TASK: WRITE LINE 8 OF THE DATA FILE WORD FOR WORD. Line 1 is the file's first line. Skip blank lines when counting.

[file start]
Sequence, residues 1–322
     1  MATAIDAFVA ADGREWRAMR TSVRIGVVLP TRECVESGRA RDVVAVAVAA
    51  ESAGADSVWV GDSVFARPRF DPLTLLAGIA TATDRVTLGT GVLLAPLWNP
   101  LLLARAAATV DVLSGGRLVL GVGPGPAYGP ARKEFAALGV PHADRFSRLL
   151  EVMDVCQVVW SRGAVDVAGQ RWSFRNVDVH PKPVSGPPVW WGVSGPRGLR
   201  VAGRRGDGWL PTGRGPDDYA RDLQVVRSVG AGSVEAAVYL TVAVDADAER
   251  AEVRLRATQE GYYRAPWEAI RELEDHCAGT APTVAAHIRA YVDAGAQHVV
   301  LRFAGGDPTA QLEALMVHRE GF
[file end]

   301  LRFAGGDPTA QLEALMVHRE GF